Given the Bell Curve of teacher quality, student performance is the only indicator of effectiveness that we can rely upon. I heard in Washington DC, that 400 teachers were dismissed, almost 200 for not being correctly certified, and the other 200 for being ineffective in raising student scores. The teachers union is crying foul because there are so many variables that they can't blame the teachers for the lack of student performance. The district is holding firm because they have identified teachers that are effective with the same types of students and get this... they are rewarding those teachers! The bell curve assumes that most of the teachers/students are going to be mediocre to average, a few are exceptional and a few are terrible. It is time the Bell curve be skewed to have most of the students and teachers, above average and exceptional and a few mediocre and terrible. That will never happen in a milieu of minimum standards, blame throwing.

Do not lose the vision of the starfish thrower. Students are saved one at a time, and it does make a difference to each. Stay positive and improve what you have control of and you will find fulfillment.

Thanks for the post!

Ben Johnson
San Antonio, TX

Quote:

Hello Ben,

I really have to take issue with the over used glittering generality that the personality of a given teacher will make or break all of the variables that go into the education and socialization of any one student. I have been both a classroom teacher and a school counselor in a very progressive school counseling program. I am quite probably the biggest eighth-grader on my campus and I know that I do make a difference with a very small number of kids via my determination and sense of humor. But on the whole it does not change the fact that some of my kids come to school hungry, even though my school is in a fairly affluent area. Some of my kids have home life's that I wouldn't wish on my worst enemy. And the majority of my kids come from homes where education is taken for granted and parents are not willing to even engage let alone win the battle for behavioral control of their children. In my district there are approximately 80 counselors. Without exaggerating I am easily within the top five of those 80. Yet I have to be content with and live with the knowledge that I can only affect change in a small minority of the total population of my caseload even though most of my kids like and trust me. Our program lead the nation and set the standards adopted by ASCA .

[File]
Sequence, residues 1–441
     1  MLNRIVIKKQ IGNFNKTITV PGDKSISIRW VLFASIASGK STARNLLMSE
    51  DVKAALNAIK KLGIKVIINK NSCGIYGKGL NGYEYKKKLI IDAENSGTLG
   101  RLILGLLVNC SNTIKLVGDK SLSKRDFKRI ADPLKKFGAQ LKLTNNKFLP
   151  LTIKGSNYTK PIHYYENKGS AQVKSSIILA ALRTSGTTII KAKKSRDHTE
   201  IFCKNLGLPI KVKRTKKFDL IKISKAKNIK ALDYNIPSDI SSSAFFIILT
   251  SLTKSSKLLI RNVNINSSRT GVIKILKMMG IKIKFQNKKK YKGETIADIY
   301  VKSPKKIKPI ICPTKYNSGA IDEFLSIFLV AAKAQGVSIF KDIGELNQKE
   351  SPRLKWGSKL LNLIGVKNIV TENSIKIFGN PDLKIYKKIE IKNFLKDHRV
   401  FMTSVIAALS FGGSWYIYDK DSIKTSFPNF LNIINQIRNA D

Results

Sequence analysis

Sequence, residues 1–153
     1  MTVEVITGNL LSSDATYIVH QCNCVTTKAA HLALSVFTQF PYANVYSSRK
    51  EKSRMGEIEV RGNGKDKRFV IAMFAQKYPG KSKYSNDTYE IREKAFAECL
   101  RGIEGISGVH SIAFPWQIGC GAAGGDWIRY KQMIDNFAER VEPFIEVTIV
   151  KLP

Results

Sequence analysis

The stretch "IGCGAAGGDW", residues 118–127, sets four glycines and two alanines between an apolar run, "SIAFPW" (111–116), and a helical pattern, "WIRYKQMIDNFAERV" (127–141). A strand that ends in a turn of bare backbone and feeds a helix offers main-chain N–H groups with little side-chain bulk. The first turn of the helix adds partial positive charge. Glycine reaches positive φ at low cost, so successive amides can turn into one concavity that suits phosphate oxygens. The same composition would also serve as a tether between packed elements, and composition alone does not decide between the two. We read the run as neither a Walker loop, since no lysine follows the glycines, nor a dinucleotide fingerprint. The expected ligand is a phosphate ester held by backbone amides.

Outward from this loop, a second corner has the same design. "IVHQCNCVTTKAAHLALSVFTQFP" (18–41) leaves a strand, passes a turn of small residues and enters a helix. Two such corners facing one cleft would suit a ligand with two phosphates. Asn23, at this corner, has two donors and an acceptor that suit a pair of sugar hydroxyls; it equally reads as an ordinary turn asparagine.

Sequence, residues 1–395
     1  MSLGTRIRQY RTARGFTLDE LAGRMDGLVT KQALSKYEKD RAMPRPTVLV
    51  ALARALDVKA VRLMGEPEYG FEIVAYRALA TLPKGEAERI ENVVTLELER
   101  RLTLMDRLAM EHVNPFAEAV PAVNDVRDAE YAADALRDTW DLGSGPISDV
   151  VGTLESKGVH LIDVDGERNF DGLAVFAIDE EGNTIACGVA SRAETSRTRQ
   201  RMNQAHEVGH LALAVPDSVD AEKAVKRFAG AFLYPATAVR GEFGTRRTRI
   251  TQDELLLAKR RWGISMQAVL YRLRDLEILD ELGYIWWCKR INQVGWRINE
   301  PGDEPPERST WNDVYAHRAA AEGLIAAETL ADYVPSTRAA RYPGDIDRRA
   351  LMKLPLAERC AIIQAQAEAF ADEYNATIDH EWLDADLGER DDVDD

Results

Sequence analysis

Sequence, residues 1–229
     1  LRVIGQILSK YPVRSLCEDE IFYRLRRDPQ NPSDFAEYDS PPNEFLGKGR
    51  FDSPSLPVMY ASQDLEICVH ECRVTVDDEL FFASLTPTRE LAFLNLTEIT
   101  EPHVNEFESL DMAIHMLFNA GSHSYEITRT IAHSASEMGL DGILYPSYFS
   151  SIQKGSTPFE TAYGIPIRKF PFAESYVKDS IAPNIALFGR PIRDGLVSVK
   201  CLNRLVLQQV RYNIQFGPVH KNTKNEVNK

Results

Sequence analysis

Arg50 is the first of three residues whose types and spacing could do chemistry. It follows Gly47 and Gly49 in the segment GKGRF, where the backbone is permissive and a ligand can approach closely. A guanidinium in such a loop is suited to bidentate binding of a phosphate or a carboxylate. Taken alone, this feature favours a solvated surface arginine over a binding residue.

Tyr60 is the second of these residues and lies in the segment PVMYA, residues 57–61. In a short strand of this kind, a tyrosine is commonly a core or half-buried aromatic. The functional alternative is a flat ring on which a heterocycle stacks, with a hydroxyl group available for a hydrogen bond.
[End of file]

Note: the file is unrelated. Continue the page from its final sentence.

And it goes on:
I guess because of my political involvement in the district and community I work in, I am somewhat cynical in general but very very offended by another incorrect statement regarding teachers turned into a comment or worse yet a story. your statement like so many others about education is neither correct nor is it fair to all the hard-working individuals who chose education not for the summers off but for the opportunity to make a change in the lives of those few but desperately needy young people. Even still I find my work more rewarding now under the unbearable burden of financial cuts and voter apathy. This is still truly my passion but I am an realist when it comes to public education.